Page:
China morning round-up: Reserve ratio cut discussed

A teller counts Chinese yuan notes
Image caption China had been increasing banks' reserve rates to try and tackle rising prices

Major newspapers across China have been leading their coverage with the central bank's decision to cut the bank reserve ratio - the amount of cash that banks have to hold in reserve - from a record high.

People's Bank of China said it would reduce the reserve limit from its record high of 21.5% to 21% on 5 December, the first time since December 2008 that the reserve ratio is lowered, reports the China Daily.

Shanghai's China Business News says the move has been made much earlier than the most aggressive economists had expected, while People's Daily says it is a direct result of tight liquidity in the banking system.

The lower the ratio, the more money banks can lend to individuals and businesses, which in theory encourages investments and consumption.

Another focus of the day has been the decision by the National Development and Reform Commission (NDRC) to raise prices for industrial power and thermal coal.

However, papers including Chengdu's West China City Daily say that residential power price will not be raised for now.

World Aids Day has also been marked by the Chinese media. There will be 780,000 people living with HIV and Aids by the end of this year, says the Global Times.

People's Daily's overseas edition reports on the difficulties faced by non-government organisations (NGOs) that are promoting Aids prevention, while the domestic edition runs a feature from India which suggests that India still has the highest number of people with HIV and Aids in Asia.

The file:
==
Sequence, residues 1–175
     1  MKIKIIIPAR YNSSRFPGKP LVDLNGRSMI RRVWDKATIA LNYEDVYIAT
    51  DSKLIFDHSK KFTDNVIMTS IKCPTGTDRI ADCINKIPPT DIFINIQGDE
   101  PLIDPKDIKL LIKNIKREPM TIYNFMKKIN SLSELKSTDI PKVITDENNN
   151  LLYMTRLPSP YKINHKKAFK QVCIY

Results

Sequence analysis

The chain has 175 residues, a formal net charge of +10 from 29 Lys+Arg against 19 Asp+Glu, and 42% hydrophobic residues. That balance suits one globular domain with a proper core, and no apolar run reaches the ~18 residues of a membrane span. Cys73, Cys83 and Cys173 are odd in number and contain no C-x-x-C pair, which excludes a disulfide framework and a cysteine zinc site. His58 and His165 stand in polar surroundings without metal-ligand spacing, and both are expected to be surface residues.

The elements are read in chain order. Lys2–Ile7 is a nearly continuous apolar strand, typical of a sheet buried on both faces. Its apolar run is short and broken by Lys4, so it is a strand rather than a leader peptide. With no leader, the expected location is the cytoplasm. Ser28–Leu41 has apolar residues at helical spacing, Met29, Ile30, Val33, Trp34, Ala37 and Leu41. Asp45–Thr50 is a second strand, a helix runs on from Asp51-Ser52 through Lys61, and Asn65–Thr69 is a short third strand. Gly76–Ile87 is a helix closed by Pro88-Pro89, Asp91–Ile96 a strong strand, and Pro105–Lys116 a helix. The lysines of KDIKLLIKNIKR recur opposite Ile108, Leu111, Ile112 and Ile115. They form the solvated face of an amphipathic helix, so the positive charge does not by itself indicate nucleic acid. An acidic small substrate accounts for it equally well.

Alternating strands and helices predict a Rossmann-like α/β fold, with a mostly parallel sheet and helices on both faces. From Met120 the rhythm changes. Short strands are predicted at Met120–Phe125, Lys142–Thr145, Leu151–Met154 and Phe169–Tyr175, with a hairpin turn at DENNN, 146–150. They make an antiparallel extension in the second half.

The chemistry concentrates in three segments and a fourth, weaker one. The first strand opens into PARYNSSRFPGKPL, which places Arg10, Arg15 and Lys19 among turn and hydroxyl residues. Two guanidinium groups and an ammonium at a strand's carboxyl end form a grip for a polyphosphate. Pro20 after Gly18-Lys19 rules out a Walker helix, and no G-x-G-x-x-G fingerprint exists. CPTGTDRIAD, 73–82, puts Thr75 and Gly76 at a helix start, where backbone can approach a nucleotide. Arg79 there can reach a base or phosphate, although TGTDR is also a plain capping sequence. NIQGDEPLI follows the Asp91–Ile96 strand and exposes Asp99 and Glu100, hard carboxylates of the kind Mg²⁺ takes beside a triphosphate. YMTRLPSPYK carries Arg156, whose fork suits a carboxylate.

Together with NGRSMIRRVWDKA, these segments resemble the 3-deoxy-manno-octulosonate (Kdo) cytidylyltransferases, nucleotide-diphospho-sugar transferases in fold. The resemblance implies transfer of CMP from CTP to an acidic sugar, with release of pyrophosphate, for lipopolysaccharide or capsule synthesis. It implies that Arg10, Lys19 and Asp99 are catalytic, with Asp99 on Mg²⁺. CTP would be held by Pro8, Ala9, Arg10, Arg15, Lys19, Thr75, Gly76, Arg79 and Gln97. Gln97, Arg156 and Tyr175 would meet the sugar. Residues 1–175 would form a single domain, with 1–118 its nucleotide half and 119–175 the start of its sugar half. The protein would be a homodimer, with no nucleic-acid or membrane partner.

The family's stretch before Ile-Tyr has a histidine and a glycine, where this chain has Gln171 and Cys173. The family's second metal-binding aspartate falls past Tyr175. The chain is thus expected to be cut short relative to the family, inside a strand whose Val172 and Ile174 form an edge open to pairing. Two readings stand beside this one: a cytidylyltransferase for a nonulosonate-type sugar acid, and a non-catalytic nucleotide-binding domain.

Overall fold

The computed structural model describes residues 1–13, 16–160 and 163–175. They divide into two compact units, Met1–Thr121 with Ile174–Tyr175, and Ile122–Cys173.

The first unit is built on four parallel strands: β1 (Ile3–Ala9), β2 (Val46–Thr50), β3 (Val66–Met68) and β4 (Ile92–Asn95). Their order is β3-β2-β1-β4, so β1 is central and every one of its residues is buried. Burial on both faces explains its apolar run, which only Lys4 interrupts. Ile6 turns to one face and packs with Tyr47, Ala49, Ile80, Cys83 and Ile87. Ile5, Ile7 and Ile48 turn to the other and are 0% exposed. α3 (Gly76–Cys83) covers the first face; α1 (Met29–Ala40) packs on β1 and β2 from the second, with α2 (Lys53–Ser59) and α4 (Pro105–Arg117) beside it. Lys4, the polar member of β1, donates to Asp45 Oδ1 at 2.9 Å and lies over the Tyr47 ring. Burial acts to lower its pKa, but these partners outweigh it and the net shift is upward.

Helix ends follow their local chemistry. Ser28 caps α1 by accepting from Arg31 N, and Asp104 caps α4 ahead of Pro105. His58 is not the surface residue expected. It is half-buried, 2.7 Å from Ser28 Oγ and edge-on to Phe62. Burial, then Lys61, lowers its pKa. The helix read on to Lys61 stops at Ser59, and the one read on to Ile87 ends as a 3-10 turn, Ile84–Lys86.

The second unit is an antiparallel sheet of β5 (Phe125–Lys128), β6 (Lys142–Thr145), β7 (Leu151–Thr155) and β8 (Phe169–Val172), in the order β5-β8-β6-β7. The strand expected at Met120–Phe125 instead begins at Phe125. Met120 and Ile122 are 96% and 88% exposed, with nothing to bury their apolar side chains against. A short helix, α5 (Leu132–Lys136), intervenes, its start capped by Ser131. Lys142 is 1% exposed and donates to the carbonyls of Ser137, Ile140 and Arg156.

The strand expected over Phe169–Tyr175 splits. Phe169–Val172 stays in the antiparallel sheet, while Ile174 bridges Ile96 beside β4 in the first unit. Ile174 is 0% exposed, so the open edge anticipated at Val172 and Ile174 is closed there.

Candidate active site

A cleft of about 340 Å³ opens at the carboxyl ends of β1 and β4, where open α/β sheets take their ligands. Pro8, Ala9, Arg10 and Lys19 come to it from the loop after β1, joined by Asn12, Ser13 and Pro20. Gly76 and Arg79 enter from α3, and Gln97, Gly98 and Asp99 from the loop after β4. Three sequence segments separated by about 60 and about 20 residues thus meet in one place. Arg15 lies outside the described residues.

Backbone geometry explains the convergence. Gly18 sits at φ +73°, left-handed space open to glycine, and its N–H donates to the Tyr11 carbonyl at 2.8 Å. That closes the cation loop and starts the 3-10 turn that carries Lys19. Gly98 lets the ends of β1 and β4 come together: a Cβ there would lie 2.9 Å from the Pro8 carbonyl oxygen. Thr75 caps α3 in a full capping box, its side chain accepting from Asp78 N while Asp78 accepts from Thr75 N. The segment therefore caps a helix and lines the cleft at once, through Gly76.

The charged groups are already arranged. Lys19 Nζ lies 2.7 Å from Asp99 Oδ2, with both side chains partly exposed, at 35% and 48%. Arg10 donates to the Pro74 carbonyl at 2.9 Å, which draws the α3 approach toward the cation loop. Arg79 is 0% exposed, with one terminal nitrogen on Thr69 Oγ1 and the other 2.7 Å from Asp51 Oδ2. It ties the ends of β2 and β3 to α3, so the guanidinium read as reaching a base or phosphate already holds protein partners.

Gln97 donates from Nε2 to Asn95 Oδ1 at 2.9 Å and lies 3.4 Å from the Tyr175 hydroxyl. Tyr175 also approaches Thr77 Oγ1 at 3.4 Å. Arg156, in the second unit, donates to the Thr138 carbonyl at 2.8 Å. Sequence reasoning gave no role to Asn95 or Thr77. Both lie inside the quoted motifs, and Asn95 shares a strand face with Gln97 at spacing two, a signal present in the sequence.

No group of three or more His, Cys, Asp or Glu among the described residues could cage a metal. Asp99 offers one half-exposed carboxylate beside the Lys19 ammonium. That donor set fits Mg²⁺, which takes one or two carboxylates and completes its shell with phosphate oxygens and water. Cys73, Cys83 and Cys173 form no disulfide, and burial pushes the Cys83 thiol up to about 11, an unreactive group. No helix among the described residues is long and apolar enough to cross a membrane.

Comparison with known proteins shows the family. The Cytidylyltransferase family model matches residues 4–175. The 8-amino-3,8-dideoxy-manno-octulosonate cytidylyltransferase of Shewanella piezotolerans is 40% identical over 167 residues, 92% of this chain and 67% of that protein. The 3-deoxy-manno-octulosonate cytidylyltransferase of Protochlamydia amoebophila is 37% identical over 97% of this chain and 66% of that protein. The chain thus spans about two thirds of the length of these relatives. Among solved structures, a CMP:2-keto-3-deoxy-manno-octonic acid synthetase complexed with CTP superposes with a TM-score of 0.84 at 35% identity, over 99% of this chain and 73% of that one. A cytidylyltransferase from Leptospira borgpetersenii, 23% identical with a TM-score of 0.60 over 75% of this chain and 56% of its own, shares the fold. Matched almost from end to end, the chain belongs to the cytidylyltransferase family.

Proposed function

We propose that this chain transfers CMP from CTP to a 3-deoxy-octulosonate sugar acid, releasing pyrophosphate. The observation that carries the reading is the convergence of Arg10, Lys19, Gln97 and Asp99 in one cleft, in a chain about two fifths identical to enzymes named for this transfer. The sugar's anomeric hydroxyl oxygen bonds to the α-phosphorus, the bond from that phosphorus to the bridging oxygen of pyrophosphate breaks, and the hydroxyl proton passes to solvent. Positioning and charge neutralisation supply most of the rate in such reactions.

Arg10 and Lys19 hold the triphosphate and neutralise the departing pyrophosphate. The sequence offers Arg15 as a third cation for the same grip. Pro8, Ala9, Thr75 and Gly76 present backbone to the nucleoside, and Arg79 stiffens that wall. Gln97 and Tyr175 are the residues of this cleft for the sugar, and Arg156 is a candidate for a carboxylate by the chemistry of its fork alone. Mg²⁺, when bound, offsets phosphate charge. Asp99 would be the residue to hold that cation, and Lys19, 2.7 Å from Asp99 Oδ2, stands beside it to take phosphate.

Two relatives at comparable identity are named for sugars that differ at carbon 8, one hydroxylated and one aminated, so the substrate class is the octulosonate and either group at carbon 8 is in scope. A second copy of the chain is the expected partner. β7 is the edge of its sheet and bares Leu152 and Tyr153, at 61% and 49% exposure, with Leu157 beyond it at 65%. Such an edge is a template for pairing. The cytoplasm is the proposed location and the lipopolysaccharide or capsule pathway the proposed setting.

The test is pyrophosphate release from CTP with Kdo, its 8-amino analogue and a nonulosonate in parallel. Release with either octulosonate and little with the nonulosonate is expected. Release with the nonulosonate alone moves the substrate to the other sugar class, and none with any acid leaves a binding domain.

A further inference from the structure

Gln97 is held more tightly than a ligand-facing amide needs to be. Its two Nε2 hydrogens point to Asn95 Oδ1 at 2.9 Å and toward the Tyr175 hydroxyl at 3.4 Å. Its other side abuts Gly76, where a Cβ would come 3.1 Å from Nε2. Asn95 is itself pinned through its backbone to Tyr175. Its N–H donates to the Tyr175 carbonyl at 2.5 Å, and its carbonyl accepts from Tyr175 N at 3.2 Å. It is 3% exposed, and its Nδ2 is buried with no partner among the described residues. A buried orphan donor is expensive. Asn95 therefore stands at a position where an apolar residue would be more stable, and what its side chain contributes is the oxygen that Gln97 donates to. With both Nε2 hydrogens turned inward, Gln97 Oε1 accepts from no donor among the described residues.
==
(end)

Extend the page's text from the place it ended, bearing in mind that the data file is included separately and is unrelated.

China Daily reports that traditional Chinese medicine has helped 17,000 HIV carriers and Aids patients in China since 2004, while Guangzhou's Southern Metropolis Daily says Lei Yulan, a deputy governor for Guangdong province, has vowed to punish hospitals that refuse to treat people with Aids.

Recent reports from India have suggest that border-dispute talks between China and India will be postponed, as Beijing is angry with a recent speech made by the Dalai Lama in India. But Global Times now reports that officials from both sides have agreed to proceed with another defence conference on 9 December.

Another report from China Daily says Shanghai-based China Eastern Airlines has pledged to improve their pilots' English language skills, amid investigations into claims that one of its planes took off in Osaka, Japan on Monday without clearance from air-traffic control.

The deadly fire in Mongkok, Hong Kong on Wednesday has also received much attention across China. Hong Kong's Ming Pao Daily News reports that all the nine victims were living in the same "cubicle apartments"

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